Endoscopic treatment methods for esophageal varices include EVL and endoscopic injection sclerotherapy (EIS). EVL is performed by placing the head of the endoscope with a rubber band ligation device over the varix to be ligated, suctioning the varix into the device, and tying the varix by discharging the rubber band (Fig. 1). For actively bleeding varices, it is better to perform prophylactic ligation on the varices within 5 to 10 mm to 5 cm from the esophagogastric junction. Previous accessories for endoscopic ligation allowed only one ligation to be performed at a time. Consequently, in case an attempt at ligation failed the first time owing to the lack of a clear visual field because of bleeding, it was difficult to perform successive ligations, and the endoscope had to be removed each time a ligation was attempted; thus, an overtube was used, which increased the risk of esophageal rupture. However, nowadays, accessories allowing multiple band ligations are being widely used; thus, these situations can be dealt with easily. In case it is difficult to find the bleeding focus because of the lack of a clear visual field, the cap on the tip of the endoscope can be controlled to apply pressure proximal and distal to the suspected bleeding point, to determine the bleeding focus. If the bleeding focus is not found despite this effort, ligation of the varix within 5 cm from the esophagogastric junction may slow the bleeding and allow the bleeding focus to be found easily. If suction of the mucosa into the cap is not sufficient or if fibrosis of the mucosa makes suction difficult, the band may not create a proper O-ring and may fall off, leading to failure of the ligation; therefore, caution must be taken. EIS is performed by injecting a sclerosant into the varix, and treatment is completed by inducing thrombosis of the varix. With this method, complete obliteration of the varix is most important to prevent recurrence. Various sclerosing agents such as 5% ethanolamine oleate (mainly used, injected in travenously) or sodium morrhuate are used. As 5% ethanolamine oleate has a strong hemolytic effect and may cause hemoglobinuria or renal failure when systemically injected in large doses, the dose to be used per treatment should be within 0.4 mL/kg.28 EVL and EIS showed a similar effect in achieving acute bleeding; however, fatality and complication rates were significantly higher with EIS.29 Therefore, as EIS does not show better treatment results than EVL and results in higher fatality and complication rates, it is not recommended as the first-line therapy for the endoscopic treatment of esophageal varices, and may be tried only in case EVL fails or if it is impossible to perform EVL.30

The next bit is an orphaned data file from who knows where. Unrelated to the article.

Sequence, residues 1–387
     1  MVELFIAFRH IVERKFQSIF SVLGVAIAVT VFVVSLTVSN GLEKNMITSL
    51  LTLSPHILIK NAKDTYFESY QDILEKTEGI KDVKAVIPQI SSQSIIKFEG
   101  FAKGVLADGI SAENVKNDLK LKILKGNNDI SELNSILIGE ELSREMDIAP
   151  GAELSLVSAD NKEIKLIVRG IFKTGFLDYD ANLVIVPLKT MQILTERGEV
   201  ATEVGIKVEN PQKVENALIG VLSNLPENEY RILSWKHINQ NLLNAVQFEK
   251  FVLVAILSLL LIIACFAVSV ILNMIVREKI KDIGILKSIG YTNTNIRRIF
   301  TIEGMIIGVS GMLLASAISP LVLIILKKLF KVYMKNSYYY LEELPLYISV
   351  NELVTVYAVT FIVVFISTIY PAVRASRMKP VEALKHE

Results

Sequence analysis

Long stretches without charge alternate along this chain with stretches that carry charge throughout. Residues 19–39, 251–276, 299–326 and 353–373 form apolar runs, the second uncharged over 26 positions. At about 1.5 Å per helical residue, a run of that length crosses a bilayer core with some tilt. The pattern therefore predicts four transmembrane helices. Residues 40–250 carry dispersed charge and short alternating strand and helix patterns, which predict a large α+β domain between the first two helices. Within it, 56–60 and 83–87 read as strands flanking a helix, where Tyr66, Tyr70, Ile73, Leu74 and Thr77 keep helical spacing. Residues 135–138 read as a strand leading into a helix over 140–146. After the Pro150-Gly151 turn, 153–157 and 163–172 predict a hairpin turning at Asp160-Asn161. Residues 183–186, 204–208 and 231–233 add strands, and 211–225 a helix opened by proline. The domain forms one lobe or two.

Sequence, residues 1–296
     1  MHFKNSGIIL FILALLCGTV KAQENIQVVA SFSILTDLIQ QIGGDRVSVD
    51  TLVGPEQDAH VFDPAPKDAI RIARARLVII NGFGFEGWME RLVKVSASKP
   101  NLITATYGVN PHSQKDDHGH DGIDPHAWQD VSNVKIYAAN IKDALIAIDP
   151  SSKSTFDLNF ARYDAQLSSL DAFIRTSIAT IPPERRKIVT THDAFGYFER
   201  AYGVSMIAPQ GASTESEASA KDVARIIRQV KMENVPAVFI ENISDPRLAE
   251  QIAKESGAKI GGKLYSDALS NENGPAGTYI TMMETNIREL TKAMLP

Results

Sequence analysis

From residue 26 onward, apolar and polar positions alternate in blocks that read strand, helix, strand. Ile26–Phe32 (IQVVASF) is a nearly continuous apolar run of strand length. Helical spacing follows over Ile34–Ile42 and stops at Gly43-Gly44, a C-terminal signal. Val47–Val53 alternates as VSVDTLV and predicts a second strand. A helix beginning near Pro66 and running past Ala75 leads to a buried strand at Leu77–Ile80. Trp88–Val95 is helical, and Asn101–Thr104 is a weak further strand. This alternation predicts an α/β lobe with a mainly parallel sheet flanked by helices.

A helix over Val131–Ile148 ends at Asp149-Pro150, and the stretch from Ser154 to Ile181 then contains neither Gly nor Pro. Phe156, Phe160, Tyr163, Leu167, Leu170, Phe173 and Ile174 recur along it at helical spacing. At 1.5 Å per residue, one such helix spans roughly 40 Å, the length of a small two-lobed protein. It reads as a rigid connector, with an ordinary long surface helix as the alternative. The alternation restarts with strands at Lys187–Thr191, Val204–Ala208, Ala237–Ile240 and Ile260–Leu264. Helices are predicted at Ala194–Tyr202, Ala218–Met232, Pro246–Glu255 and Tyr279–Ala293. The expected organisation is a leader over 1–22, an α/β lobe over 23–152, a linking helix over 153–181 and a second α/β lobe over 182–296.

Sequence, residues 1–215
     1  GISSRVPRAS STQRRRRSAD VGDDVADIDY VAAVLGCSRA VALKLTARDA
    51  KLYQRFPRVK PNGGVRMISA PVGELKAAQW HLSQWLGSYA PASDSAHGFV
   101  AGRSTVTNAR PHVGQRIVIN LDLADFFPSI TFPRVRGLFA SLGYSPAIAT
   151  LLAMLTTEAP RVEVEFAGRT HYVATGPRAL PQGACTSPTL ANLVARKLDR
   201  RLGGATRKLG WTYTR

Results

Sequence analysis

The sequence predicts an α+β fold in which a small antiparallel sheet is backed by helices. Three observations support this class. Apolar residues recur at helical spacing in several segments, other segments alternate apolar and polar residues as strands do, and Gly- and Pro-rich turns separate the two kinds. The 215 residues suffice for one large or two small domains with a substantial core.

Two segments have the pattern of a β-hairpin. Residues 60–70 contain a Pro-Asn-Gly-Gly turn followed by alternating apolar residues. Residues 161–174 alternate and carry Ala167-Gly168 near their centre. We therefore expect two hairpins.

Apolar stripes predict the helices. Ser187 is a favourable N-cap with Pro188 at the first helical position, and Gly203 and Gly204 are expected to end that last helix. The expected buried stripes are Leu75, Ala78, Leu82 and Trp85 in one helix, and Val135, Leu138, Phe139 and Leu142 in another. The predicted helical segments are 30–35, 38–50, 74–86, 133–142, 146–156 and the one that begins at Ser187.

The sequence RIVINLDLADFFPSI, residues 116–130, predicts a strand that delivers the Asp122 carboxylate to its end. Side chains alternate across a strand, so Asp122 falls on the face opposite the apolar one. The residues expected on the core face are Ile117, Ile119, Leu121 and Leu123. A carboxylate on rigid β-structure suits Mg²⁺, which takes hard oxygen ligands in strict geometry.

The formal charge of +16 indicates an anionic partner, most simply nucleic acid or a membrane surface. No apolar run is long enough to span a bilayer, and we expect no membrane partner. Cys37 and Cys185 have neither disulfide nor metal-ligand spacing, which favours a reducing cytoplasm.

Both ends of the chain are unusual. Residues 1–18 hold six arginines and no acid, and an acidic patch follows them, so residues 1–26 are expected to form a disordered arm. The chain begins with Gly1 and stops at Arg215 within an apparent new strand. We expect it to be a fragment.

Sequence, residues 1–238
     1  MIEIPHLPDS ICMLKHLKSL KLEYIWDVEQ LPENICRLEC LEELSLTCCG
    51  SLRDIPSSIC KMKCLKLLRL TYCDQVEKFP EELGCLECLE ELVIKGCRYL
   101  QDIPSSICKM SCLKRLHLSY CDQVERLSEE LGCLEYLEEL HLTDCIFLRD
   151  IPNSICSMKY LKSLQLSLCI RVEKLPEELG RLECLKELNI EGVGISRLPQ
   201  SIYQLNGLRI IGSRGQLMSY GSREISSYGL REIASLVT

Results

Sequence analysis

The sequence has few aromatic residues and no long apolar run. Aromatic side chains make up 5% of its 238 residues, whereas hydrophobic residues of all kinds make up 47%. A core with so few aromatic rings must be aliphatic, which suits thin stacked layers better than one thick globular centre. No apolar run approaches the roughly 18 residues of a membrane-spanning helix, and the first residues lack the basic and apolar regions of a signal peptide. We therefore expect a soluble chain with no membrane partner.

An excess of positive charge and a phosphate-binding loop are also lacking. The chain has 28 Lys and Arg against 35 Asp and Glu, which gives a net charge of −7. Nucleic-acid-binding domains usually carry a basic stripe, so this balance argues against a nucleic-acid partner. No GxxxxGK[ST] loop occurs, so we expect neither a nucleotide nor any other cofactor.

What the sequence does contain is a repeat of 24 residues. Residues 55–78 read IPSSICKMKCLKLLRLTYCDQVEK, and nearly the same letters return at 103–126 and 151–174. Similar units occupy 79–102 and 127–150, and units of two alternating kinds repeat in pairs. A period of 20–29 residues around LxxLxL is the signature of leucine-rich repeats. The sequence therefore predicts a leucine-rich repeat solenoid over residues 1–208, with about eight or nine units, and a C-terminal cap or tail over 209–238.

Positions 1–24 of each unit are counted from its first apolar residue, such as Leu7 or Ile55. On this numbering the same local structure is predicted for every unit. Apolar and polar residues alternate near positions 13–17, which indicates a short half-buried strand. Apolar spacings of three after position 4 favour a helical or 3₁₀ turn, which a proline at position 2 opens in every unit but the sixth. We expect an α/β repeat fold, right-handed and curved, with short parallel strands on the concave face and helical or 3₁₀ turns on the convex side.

Endoscopic treatment for gastric varices